Center for Immersive and Simulation-based Learning

Vision for ISL and CISL

The activities of CISL will encompass a very wide variety of applications across many disciplines and domains of health care, and for many different types of personnel. The richness of these endeavors can be categorized across eleven different dimensions, each of which represents a different attribute of simulation.  Six dimensions are particularly important:

  1. The purpose and aims of the simulation activity
Education; Training; Research; Performance Assessment
  2. The unit of participation in the simulation
Individual; Crew; Team; Work Unit; Institution
  3. The experience level (s) of simulation participants
K-12; Lay Adult; Health Prof. Student; Resident; Experienced
  4. The health care domain in which the simulation is applied Primary Care; Medicine/Peds; Imaging; Surgery; Anesth/ICU/EM
  5. The health care discipline(s) of personnel participating in the simulation
Clerk/Asst./Tech; Allied Health; Pharm; Nursing; Medicine
  6. The type of knowledge, skill, attitudes, or behavior addressed in simulation
Conceptual understanding; Technical Skills; Communication; Teamwork

PDF Document Read the entire paper “The Future Vision of Simulation in Health Care” from which this categorization is taken.

In the coming years immersive and simulation-based learning will become increasingly important at Stanford University Medical Center and its affiliated hospitals, as at all major teaching facilities. We foresee ISL techniques as being fully integrated into the curriculum of medical students. They will enliven and enrich the learning of health and human disease and of pathophysiology and pharmacology. ISL experiences will be a critical bridge for students between theoretical knowledge and the actual practices and decisions that caring for patients entails. As students are enmeshed in their clinical rotations, ISL exercises will allow them to fully assume the duties and responsibilities of patient care, as if they were the physicians involved.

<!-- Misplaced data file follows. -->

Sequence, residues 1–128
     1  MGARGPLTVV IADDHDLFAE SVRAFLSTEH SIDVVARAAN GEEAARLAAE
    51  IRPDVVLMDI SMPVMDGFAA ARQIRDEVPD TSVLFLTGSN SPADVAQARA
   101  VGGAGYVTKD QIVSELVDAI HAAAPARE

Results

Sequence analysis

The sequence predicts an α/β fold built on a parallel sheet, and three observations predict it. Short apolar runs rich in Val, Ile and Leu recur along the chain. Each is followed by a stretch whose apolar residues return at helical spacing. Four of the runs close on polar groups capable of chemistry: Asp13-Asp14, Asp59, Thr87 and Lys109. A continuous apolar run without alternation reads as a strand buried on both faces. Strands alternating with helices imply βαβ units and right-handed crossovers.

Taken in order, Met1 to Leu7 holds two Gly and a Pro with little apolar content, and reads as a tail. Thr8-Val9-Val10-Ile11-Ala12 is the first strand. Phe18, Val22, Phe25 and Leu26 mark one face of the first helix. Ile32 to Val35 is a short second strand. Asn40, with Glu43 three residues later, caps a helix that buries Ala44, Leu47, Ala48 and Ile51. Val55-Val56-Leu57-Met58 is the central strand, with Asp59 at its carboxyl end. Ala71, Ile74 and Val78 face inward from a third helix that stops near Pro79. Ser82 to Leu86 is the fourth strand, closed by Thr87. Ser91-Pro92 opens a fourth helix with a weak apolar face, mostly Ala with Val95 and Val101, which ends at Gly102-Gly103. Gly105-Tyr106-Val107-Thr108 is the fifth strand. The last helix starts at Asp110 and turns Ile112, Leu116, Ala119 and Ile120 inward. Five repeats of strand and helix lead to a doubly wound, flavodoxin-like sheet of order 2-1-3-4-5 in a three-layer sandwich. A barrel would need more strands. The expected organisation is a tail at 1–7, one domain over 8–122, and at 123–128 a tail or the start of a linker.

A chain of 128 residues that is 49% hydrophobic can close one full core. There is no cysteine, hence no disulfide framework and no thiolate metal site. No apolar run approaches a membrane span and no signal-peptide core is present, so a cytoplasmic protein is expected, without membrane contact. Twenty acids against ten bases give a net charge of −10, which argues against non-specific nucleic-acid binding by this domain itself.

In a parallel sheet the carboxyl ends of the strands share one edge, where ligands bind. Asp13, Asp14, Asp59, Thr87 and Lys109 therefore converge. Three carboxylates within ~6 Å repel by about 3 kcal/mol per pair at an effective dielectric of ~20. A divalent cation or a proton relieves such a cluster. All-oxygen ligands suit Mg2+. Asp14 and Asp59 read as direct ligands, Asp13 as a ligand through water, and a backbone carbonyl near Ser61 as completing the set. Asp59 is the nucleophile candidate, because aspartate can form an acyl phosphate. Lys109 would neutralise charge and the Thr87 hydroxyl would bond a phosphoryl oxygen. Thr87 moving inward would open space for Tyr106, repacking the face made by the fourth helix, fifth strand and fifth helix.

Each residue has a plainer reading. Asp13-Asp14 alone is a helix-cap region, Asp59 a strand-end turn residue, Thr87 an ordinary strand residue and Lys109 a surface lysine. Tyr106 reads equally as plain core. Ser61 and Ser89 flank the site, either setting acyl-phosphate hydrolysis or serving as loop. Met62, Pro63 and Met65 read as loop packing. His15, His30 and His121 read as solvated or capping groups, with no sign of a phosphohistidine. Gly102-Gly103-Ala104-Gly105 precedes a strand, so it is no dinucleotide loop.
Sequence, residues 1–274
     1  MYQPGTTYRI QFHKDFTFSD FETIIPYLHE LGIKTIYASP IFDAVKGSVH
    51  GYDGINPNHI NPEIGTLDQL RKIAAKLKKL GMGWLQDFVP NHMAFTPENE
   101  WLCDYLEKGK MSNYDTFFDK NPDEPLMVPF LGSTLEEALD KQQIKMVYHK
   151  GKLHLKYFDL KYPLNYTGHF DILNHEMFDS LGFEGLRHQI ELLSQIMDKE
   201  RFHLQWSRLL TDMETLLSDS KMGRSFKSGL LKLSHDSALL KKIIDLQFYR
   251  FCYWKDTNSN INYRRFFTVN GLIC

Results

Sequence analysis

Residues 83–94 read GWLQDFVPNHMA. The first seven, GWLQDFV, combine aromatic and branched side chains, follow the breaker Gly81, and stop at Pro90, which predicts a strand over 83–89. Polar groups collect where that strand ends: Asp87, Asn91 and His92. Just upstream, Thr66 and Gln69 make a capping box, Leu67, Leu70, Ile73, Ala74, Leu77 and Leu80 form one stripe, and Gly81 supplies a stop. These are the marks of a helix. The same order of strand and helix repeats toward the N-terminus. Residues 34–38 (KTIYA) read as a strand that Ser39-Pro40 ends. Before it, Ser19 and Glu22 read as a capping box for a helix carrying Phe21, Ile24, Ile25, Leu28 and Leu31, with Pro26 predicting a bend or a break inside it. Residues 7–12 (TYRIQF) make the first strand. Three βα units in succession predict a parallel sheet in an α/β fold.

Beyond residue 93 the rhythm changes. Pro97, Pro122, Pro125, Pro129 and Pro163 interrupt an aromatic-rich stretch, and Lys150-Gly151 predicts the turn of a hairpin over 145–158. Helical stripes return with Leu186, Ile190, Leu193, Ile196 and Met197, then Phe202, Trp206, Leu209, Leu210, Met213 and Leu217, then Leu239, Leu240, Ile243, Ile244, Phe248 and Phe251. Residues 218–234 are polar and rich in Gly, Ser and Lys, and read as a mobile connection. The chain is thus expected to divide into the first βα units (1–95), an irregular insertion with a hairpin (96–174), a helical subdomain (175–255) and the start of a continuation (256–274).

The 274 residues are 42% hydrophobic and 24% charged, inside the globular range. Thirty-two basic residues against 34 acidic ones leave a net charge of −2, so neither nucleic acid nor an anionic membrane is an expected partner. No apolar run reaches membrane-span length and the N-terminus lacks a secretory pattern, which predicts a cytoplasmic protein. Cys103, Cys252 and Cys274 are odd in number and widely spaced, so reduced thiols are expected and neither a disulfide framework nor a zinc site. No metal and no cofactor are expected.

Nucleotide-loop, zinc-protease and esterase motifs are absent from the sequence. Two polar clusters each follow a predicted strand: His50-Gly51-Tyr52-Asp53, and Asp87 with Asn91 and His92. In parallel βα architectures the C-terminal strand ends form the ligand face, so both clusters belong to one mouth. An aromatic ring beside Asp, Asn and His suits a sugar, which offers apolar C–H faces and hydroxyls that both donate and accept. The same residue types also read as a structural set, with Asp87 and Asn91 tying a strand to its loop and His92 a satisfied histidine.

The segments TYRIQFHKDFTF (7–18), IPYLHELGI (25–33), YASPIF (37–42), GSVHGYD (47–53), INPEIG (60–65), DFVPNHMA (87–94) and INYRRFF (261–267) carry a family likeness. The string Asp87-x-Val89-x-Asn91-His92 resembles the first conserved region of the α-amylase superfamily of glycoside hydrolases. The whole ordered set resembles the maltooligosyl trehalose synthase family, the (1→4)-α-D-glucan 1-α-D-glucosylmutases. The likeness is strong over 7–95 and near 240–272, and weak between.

This approach will only accelerate for “post-graduate medical education”, namely for interns and residents – physicians who are training in the actual fields of medicine that they will practice. ISL curricula – with intensive training sessions – will enable them to become fully capable with the most serious kinds of situations, even those that occur only rarely. Such experiences will also provide important training in non-technical skills of decision-making, crisis management, leadership, communication, and teamwork.

SUMC and affiliated institutions will use the same techniques to provide life-long learning and practice for individuals, teams, and work units of staff-level personnel. This will involve all disciplines in health care, including physicians, nurses, and allied health professionals. ISL exercises will become important components of the ongoing maintenance of competency and quality management of health care institutions that are truly high reliability organizations.

VISION: Simulation will be Embedded in Fabric of Health Care

  • Routine preparation and certification of professionals (ab initio, forever)
  • Ongoing individual/team practice and readiness (everyone, forever)
  • Part of the routine work-week
  • Required for development, testing and certification of drugs and devices
Potential Drivers for Future Adoption of Simulation in Health Care
  • Simulation Community
  • Professions
  • Insurers/risk managers
  • Government local/state/federal
  • Public
Potential "Implementors" of Simulation Activities or Requirements
  • Professional societies
  • Specialty boards
  • Hospitals/networks
  • Professional schools
  • Accreditors (JCAHO)
  • Government - regulators/legislators
  • Simulation organizations
Bottom Line

...no industry in which human lives depend on the skilled performance of responsible operators has waited for unequivocal proof of the benefits of simulation before embracing it... Neither should anesthesiology {Health Care} (Gaba, Anesthesiology 76:491-494, 1992)

 

"And whoever saves a life, it is as though he had saved all mankind"

-- appearing in various forms
in the Talmud and the Koran

Stanford Medicine Resources:

Footer Links: